DNA methylation is essential for crucial processes such as embryonic development or differentiation [5, 7]. In cancer, aberrant DNA methylation patterns have been extensively described, leading to CpG island hypermethylation together with global hypomethylation and subsequent inactivation of tumor suppressor genes (TSGs) and genomic instability [5, 7,8,9]. Genetic or pharmacological DNMT1 inhibition has been reported to be sufficient to lead to TSG re-expression and cell growth arrest in a variety of cancer cells in vitro, such as lung, esophagus, stomach, breast, cervix, brain, head, and neck cancer cells [10,11,12,13,14]. DNMT inhibitors (DNMTi) are currently classified into nucleoside analogs including 5-azacytidine (5-AZA) and 5-aza-2′-deoxycytidine (DAC; decitabine), approved in 2004 and 2006, respectively, by US FDA for the treatment of myelodysplasia and other hematological malignancies, and non-nucleoside analogs, obtained by natural sources, repositioning of old drugs (for example, hydralazine and procainamide [13,14,15]) or by identification of new chemical entities (RG-108 [16] and its benzoylproline analog [17], nitrophenyl-chromenones and -chromanones [18], SGI-1027 [19] and its regioisomer MC3343 [20,21,22], quinazoline derivatives such as compound 14 [23], and compound 68 [24]) (Fig. 1).

Fig. 1

Chemical structures of known nucleoside and non-nucleoside DNMT inhibitors

The two approved nucleoside DNMTi suffer from poor bioavailability, chemical instability, and adverse side effects, while non-nucleoside DNMTi are often not specific, scarcely potent, and with an unknown mechanism of action [5, 12,13,14]. Among the latter, SGI-1027 is the most reliable compound, since it shows a significant effect against DNMT1 and DNMT3A at a low micromolar level and displays arrest of proliferation and TSG reactivation in cancer cells [19]. Previously, we performed chemical manipulations on the SGI-1027 structure by preparing all of its regioisomers as well as some truncated and symmetric bis-quinoline and bis-pyrimidine analogs [20]. From this study, the N-(3-(2-amino-6-methylpyrimidin-4-ylamino)phenyl)-3-(quinolin-4-ylamino)benzamide MC3343 (Fig. 1) emerged as a novel hit compound showing higher potency and selectivity than SGI-1027 with respect to other AdoMet-dependent histone/protein methyltransferases [20] and a different mechanism of action [21]. In a panel of cancer cells, MC3343 showed similar antiproliferative activities as SGI-1027 but reduced toxicity [20], even displaying inhibition of proliferation and induction of cytodifferentiation in medulloblastoma cancer stem cells [20]. Furthermore, MC3343 also impaired tumor proliferation of osteosarcoma cells by blocking the cell cycle in G1 or G2/M phases and induced osteoblastic differentiation through the specific re-expression of genes regulating this physiological process. MC3343 displayed these biological effects even in vivo against a patient-derived xenograft [22].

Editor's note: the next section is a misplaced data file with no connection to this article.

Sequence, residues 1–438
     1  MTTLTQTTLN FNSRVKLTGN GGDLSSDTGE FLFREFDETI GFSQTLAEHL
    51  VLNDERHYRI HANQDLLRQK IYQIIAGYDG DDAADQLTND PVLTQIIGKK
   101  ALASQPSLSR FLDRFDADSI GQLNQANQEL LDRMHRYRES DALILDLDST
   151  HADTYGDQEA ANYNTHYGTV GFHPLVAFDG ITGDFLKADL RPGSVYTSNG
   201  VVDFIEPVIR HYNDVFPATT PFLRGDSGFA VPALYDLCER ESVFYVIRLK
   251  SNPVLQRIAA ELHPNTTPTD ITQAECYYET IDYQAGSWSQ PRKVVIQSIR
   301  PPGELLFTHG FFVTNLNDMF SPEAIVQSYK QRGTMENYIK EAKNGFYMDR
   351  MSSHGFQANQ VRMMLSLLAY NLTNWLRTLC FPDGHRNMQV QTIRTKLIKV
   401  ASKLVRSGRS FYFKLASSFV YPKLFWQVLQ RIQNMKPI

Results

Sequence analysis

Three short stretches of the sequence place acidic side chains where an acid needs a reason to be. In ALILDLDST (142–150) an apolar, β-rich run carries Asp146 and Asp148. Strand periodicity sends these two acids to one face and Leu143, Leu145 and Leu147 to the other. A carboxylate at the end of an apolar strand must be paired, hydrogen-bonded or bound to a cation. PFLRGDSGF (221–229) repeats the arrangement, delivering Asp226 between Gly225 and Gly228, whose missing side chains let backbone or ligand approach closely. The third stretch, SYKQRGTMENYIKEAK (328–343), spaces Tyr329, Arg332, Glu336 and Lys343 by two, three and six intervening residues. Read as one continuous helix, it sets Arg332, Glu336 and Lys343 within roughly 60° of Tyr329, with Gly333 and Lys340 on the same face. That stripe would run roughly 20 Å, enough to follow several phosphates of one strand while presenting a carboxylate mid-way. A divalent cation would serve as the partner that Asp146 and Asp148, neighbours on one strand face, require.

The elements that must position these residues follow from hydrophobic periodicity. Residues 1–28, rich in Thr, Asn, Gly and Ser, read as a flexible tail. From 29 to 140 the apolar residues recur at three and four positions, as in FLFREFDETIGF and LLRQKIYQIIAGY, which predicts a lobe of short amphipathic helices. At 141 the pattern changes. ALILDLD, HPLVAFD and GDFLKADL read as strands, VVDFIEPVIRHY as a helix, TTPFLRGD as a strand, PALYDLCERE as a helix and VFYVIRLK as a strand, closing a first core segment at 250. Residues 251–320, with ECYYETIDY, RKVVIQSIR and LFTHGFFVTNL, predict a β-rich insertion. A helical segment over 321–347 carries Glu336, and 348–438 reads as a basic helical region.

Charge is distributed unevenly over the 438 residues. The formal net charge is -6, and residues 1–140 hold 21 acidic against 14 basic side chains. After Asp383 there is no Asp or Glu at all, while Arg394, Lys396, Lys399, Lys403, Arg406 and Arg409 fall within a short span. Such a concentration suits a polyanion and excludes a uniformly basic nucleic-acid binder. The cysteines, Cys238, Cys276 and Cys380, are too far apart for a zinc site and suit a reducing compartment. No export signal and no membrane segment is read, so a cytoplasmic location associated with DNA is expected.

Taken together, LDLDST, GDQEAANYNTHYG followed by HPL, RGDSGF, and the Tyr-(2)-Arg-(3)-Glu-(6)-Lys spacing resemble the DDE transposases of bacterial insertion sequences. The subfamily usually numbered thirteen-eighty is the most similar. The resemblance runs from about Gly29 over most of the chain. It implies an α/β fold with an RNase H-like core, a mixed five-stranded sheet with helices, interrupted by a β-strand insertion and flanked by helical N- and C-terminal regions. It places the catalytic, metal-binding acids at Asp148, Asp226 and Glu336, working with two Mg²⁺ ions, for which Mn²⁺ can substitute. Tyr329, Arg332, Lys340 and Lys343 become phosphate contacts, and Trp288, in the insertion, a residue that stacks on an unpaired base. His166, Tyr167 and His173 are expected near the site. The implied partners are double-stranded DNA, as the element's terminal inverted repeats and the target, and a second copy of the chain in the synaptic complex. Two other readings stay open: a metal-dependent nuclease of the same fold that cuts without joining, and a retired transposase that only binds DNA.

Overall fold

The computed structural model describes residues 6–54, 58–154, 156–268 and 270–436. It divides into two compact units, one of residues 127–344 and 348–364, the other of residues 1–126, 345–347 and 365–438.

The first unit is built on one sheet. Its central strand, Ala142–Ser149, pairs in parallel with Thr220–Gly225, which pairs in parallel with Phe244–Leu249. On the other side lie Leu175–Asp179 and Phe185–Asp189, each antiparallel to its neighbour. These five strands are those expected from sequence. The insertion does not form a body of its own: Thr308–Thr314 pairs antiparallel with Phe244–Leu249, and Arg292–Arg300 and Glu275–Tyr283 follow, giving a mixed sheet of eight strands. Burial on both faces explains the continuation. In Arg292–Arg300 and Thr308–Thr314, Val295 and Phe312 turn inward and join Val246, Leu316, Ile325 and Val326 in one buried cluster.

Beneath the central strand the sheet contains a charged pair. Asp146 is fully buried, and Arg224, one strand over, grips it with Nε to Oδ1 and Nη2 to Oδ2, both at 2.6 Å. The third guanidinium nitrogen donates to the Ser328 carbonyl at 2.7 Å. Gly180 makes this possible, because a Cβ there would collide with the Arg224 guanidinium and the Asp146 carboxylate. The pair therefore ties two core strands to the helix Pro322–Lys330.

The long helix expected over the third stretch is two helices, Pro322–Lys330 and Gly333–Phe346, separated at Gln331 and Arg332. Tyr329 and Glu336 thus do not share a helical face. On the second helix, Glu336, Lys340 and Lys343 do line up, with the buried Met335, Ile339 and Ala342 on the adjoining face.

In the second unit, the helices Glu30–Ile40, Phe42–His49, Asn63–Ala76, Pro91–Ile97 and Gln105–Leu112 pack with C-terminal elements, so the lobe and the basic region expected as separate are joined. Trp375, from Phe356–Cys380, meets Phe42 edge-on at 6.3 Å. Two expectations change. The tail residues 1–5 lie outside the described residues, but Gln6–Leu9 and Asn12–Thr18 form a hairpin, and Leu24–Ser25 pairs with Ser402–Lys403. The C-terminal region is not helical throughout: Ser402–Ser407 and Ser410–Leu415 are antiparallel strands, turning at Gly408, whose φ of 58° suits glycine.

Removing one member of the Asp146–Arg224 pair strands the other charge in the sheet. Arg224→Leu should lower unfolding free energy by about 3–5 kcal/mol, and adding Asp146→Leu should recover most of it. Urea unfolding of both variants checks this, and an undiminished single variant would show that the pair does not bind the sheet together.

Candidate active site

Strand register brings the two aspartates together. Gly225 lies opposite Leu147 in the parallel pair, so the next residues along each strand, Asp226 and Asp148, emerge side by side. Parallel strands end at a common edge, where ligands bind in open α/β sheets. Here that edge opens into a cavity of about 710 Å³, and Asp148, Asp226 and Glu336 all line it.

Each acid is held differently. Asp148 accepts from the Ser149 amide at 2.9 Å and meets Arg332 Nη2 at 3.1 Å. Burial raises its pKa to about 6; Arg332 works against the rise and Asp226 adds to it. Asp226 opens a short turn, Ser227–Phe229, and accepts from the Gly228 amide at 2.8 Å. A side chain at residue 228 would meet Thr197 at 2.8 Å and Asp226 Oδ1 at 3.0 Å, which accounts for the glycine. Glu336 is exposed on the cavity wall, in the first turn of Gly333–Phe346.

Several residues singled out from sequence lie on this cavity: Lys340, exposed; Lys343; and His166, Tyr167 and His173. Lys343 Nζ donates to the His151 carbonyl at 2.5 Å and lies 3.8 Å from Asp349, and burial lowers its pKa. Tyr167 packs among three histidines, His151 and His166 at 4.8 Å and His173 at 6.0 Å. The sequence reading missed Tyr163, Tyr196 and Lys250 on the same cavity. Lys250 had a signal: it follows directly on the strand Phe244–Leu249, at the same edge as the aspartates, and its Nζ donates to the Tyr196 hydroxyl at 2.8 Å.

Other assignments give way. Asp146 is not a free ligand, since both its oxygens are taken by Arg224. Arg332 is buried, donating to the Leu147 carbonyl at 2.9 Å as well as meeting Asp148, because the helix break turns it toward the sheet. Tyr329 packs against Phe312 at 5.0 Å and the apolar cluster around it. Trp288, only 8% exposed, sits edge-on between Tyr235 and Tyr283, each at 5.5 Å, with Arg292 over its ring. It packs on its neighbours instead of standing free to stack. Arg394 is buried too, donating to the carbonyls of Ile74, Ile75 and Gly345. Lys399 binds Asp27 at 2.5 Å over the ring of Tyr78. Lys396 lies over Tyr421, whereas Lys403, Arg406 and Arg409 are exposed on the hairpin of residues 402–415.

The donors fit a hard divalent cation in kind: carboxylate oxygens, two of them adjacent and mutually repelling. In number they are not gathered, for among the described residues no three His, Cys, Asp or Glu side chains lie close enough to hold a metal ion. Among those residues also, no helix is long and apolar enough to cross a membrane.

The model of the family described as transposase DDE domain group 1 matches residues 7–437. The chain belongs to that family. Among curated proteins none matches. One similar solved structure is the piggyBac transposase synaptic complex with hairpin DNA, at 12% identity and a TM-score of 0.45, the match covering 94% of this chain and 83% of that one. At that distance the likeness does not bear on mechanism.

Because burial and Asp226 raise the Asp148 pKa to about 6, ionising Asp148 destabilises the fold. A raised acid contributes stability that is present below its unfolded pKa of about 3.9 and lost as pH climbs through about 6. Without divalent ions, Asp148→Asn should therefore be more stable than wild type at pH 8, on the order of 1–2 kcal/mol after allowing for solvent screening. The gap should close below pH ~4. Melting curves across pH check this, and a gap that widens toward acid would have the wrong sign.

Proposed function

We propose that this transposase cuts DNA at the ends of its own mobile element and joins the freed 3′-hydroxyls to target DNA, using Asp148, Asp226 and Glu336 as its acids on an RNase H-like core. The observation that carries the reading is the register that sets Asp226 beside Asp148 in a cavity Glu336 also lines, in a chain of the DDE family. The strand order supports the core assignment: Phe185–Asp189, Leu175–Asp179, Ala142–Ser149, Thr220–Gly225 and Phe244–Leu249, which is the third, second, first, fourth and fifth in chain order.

Prompted by these results, we designed a novel analog of SGI-1027, MC3353, by replacing the 4-methyl-2, 6-diaminopyrimidine moiety of the template with a benzyl carbamate function (Fig. 1). This new compound was tested against human DNMT1 and DNMT3A in vitro. Then, it was tested in a stable cellular luciferase cytomegalovirus (CMV) reporter system (CMV-luc) integrated in human leukemia KG-1 cells in which the luciferase gene is under the control of the methylated CMV promoter, as well as in HCT116 human colon cancer cells to detect its ubiquitin C-terminal hydrolase L1 (UCHL1) promoter demethylating ability, revealed by enhanced green fluorescent protein (EGFP) reporter gene expression. Moreover, MC3353 was tested in a panel of cancer cells (HCT116 colon cancer, KG-1, U-937 acute myeloid leukemia, MDA-MB-231 breast cancer, RAJI Burkitt’s lymphoma, and PC-3 prostate cancer) to determine its effects on cell proliferation, viability, and apoptosis/necrosis induction. SGI-1027, as well as DAC and/or 5-AZA, were used as reference drugs in all assays. In addition, the effect of MC3353 on epithelial-to-mesenchymal transition (EMT), a process controlling cellular invasiveness, was investigated in PC-3 and HCT116 cells. The recent results provided by MC3343 treatment of osteosarcoma cell and mouse models [22] suggested us to also test MC3353 in this cellular context. Accordingly, we evaluated the effect of MC3353 on the proliferation of patient-derived Saos-2, U-2OS, MG63, IOR/OS9, IOR/OS20, IOR/SARG, and patient-derived xenograft PDX-OS#1-C4 cells. Finally, we tested the impact of MC3353 on the expression of three genes [collagen type I alpha 2 chain (COL1A2), alkaline phosphatase (ALP), and osteocalcin (OCN)] involved in osteosarcoma differentiation processes as well as on matrix mineralization in Saos-2 cells.